Decided: January 31, 1969.
SNUG HARBOR REALTY CO., A NEW JERSEY CORPORATION, PLAINTIFF-APPELLANT,
THE FIRST NATIONAL BANK OF TOMS RIVER, N.J., A NATIONAL BANKING ASSOCIATION OF THE UNITED STATES, DEFENDANT-RESPONDENT, AND THE TRUST COMPANY OF OCEAN COUNTY, A BANKING CORPORATION OF NEW JERSEY, DEFENDANT
Sullivan, Foley and Lewis. The opinion of the court was delivered by Lewis, J.A.D.
[105 NJSuper Page 573]
In a suit by plaintiff Snug Harbor Realty Co. against defendants the First National Bank of Toms River, N.J., and The Trust Company of Ocean County, the trial court, at the close of plaintiff's case and after noting that plaintiff voluntarily abandoned its direct cause of action against the trust company, granted the motion of defendant First National and entered judgment in its favor against plaintiff. The latter appeals.
The matter is before us on an "Agreed Statement in Lieu of Record' which reveals the following basic facts:
Snug Harbor, a construction company, maintained a system under which parties asserting claims against it would submit invoices which were then given to its superintendent, Joseph Magee, for investigation. It was Magee's responsibility to make the necessary inspection and, upon being satisfied that the alleged work was done or materials furnished, to initial the invoices and forward them to the
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company's bookkeeper for verification of the contract obligations and the preparation of checks payable to the claimants. Checks drawn on First National were then signed by the company's authorized official. Certain checks were picked up by Magee for delivery to the respective payees who authorized the "pick-up.' Between January 10, 1964 and August 13, 1965, Magee converted to his own personal use 132 checks, totaling $27,516.27, by forging the endorsements of the payees and cashing the checks.
The trial court found as a matter of law that a provision of the Uniform Commercial Code was "dispositive' and, accordingly, that the bank should be relieved of any liability to plaintiff. The pertinent section of the Code, N.J.S. 12 A:3-405(1)(c), provides:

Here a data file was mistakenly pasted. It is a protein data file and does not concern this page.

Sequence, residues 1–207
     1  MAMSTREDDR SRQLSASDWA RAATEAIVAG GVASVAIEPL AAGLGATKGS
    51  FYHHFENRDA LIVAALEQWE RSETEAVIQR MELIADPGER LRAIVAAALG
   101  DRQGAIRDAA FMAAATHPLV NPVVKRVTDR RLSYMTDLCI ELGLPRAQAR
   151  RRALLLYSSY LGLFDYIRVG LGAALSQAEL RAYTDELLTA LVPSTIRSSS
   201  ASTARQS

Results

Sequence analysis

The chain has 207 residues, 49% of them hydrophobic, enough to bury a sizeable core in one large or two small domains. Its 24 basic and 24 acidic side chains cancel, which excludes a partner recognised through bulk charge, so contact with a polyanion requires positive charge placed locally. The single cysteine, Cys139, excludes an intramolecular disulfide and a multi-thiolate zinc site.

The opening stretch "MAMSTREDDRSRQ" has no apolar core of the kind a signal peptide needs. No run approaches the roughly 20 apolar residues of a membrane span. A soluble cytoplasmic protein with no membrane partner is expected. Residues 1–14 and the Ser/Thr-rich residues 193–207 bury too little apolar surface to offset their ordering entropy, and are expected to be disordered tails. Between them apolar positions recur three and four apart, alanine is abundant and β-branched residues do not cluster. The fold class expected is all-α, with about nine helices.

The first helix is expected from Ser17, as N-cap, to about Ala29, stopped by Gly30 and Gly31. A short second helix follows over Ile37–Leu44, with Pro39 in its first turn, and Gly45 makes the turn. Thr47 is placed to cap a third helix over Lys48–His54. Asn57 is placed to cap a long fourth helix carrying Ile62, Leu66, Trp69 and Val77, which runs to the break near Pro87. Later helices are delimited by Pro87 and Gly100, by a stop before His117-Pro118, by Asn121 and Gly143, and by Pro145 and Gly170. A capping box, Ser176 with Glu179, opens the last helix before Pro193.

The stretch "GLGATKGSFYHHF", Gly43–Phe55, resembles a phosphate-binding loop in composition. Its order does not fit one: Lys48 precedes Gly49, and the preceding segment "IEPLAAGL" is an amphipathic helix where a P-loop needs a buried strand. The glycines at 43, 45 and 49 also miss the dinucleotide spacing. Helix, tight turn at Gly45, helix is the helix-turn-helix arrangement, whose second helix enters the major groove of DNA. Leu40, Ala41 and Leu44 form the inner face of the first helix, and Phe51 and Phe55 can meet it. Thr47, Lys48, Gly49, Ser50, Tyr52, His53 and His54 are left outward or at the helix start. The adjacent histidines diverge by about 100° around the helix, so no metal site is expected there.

"(1) An indorsement by any person in the name of a named payee is effective if * * * (c) an agent or employee of the maker or drawer has supplied him with the name of the payee intending the latter to have no such interest.'
We find, in the circumstances here presented, that plaintiff proved a prima facie case and that the cited Code provision is inapplicable.
Magee, an unfaithful employee of the construction company, did not supply to his employer "the name of the payee intending the latter to have no such interest.' To the contrary, the payees were bona fide creditors of the company who had respectively submitted their invoices for work performed or materials furnished.
It is thus plain that judgment was improvidently entered. The matter should proceed to a plenary hearing for a judicial determination of the merits of plaintiff's complaint in light of any defenses appropriately raised by the defendant bank.
Since there will be a new trial, we deem it advisable to briefly comment upon a collateral issue raised in defendant's brief. It is argued that the trial judge erred in excluding the testimony of a lay witness as incompetent to give an opinion as to an alleged forgery. We find nothing in the
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agreed statement of facts to indicate an abuse of judicial discretion. In Storm v. Hansen, 41 N.J. Super. 249, 254 (App. Div. 1956), there were distinguishing circumstances, but our observation in that case is here pertinent:
"Opinions as to the genuineness of handwriting are, at best, weak and unsatisfactory evidence and we believe such proofs should be received only from one whose qualifications have been established strictly in accordance with our precedents.'
See Rule of Evidence 56 (1). Cf. Morrone v. Morrone, 44 N.J. Super. 305, 312 (App. Div. 1957).
Reversed and remanded for new trial.